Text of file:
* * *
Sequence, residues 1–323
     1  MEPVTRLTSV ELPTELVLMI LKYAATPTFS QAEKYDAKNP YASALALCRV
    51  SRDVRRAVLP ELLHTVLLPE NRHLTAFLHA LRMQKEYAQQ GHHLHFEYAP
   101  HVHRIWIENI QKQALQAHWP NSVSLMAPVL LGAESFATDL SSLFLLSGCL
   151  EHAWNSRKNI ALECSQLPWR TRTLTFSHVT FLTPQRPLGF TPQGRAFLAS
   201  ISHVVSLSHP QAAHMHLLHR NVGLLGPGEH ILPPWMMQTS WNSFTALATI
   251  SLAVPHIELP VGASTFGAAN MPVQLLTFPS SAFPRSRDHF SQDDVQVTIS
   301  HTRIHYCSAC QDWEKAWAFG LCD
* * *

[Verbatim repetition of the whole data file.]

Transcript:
Sequence, residues 1–323
     1  MEPVTRLTSV ELPTELVLMI LKYAATPTFS QAEKYDAKNP YASALALCRV
    51  SRDVRRAVLP ELLHTVLLPE NRHLTAFLHA LRMQKEYAQQ GHHLHFEYAP
   101  HVHRIWIENI QKQALQAHWP NSVSLMAPVL LGAESFATDL SSLFLLSGCL
   151  EHAWNSRKNI ALECSQLPWR TRTLTFSHVT FLTPQRPLGF TPQGRAFLAS
   201  ISHVVSLSHP QAAHMHLLHR NVGLLGPGEH ILPPWMMQTS WNSFTALATI
   251  SLAVPHIELP VGASTFGAAN MPVQLLTFPS SAFPRSRDHF SQDDVQVTIS
   301  HTRIHYCSAC QDWEKAWAFG LCD